According to directors and directors of photography choosing the appropriate shot scale for a scene is primarily an issue of narrative function. However, especially in the practice of art cinema preference of specific shot scales may be an important indicator of a particular style. In some cases statistical analysis of overall shot scale distribution in films reveals consistent and recurrent patterns of shot scale distribution in an author's work. Such a consistency is surprising, because it cannot be the result of conscious decision. No filmmaker plans the proportion of each shot scale in a film. This article investigates a systematic variation of shot scale distribution (SSD) patterns disclosed in the films of Michelangelo Antonioni, and Ingmar Bergman, which raises a number of questions regarding the possible aesthetic and cognitive sources of such a regularity.
András Bálint Kovács
expressiveness is distinctive to an emotion category—for instance, a facial expression of fear—or indistinctive to it—for instance, a pause that comes to signify fear in a specific context. As we will see in a scene from Ingmar Bergman’s Smiles of a Summer Night
Vivian Sobchack, Paisley Livingston, and Bennett Roth
Laura Mulvey, DEATH 24 X A SECOND: STILLNESS AND THE MOVING IMAGE. London: Reaktion Books, 2006. xii + 196 pp., $24.95 (paperback).
Steene, Birgitta, INGMAR BERGMAN: A REFERENCE GUIDE. Amsterdam: Amsterdam University Press, 2005, 1,150 pp., $75 (hardback).
Andrew M. Gordon, EMPIRE OF DREAMS: THE SCIENCE FICTION AND FANTASY FILMS OF STEVEN SPIELBERG. Lanham, MD: Rowman & Littlefield, 2008, x + 291 pp., $26.95 (paperback).
Faithless, which centers on themes of fidelity and infidelity, was scripted by Ingmar Bergman and directed by Liv Ullmann, his muse and former lover. The film crosscuts between the ongoing dialogues of an aging director, named Bergman, and his created character, based on a woman with whom he has had a previous relationship, and flashbacks from the story they piece together. Just as the female figure emerges from the shadows of the director's workroom to spark his creativity and counter his loneliness by describing the major characters in his new screen play, so does Ullmann, through her direction, bring the real Bergman “face-to-face“ with a dissociated, unformulated aspect of his own experience. The filmic characters, a mix of the autobiographical and the imagined, are used by Bergman to illuminate and articulate the transformations in internal objects and one's relation to them that occur in the processes of loss and reparation, as well as the reparative function of the creative process itself. Having characters emerge to take form as the narrative unfolds illuminates the power of the erotic imagination to represent, sustain, and restore the inner world. The intertextuality between Faithless and a number of previous Bergman films highlights the way that the film is a homage to Bergman and a reflection on the creative process itself.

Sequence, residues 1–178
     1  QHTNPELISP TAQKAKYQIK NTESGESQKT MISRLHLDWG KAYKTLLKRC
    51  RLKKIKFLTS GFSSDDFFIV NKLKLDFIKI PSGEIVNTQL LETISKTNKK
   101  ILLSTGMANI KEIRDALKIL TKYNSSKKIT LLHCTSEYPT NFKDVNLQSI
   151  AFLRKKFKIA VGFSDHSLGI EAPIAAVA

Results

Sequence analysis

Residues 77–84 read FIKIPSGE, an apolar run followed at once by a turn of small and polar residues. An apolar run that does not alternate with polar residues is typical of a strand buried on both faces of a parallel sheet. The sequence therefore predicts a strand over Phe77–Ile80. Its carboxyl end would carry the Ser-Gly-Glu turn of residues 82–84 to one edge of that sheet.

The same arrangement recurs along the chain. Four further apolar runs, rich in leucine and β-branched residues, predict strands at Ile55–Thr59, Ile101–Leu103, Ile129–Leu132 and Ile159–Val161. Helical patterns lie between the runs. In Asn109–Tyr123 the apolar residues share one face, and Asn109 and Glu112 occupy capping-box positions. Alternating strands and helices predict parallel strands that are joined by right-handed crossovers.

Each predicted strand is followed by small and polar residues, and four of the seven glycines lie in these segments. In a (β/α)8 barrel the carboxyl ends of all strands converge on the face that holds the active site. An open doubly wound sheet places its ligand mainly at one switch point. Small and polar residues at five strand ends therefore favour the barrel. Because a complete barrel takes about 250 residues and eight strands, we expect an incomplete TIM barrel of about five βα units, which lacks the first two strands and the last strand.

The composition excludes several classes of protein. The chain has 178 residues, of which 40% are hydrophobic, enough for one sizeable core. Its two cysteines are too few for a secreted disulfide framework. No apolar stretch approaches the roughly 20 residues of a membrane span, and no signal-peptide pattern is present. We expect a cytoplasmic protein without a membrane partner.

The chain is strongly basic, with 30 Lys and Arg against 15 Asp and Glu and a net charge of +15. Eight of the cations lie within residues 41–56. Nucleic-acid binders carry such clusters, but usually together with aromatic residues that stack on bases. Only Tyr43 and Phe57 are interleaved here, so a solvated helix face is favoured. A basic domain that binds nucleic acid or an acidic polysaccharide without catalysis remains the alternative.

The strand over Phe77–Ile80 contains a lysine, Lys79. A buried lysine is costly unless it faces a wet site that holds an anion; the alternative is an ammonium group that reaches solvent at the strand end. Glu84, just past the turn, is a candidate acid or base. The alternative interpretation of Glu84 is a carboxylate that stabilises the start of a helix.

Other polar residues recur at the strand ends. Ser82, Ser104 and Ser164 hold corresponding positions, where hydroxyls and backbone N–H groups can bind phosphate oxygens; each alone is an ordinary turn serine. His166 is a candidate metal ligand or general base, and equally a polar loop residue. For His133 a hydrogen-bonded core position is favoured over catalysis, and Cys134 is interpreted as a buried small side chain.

Norman N. Holland
Metafictions tell stories in which the physical medium of the story becomes part of the story as, classically, in Tristram Shandy or Don Quixote. In our times, both metafiction and metafilm have proliferated. Examples of metafilm include Buster Keaton's Sherlock Jr., Woody Allen's Purple Rose of Cairo, Alejandro Amenábar's Abre los Ojos, Ingmar Bergman's Persona, the Marx Brothers' Horse Feathers and, in particular, Spike Jonze's Adaptation. In my experience and that of others, metafilmic movies have a peculiarly disconcerting effect, sometimes arousing fear, sometimes seeming comic. Why? Metafilms play tricks on the levels and kinds of our belief (or our suspension of disbelief). To explain the effect, we need to understand how our brains are functioning when we are, as we say, "absorbed" in a film. The answer lies in the fact that reality testing depends on activity in the motor regions of the frontal cortex. But in experiencing the arts, we are not moving or even planning to move. As a result, as Richard Gerrig's experiments show, we momentarily believe (or suspend disbelief in) the film we are perceiving. Metafilm, however, introduces another, more real reality, the physical medium of the film. Metafilm thus sends conflicting messages to the brain about moving. The result is what Freud called "a signal of anxiety." If the metafilmic effect is brief, we laugh. If it persists over time, it can arouse anxiety.
Edited by Stephen Prince
emphasizes the importance of a synergistic exchange between performer and narrative and the role played by syntactic elements such as editing, and he grounds his theoretical points with a close analysis of Ingmar Bergman’s Smiles of a Summer Night (1955
contaminated by the culture of hate. Cracolândia expands as if it were a lens through which we can read São Paulo today. As in the 1977 film by Ingmar Bergman, it becomes the serpent’s egg. Bergman’s final argument is that “anybody who makes the slightest
Shakespeare’s A Midsummer Night’s Dream in Egypt and Sweden, 2003
time of escalating conflict. Boundary Crossings – 1989 Eva Bergman, daughter of Ingmar Bergman and an important stage director in her own right, directed Shakespeare’s A Midsummer Night’s Dream in 1989 at Backa Theatre in Gothenburg, Sweden. This
three [Roberto] Rosellinis; there have been three [Ingmar] Bergmans. And obviously there's been four [Pablo] Picassos. So, most artists have one lifetime. Occasionally someone will have two, occasionally someone will have three, and magically someone
On What We Can Learn
Laura T. Di Summa
courses have been drawn to a movie as complex as Ingmar Bergman's Persona (1966) less because of its philosophical content and complexity, than thanks to Susan Sontag's essay on the topic, which while lucid and perfectly clear in its aims, is also an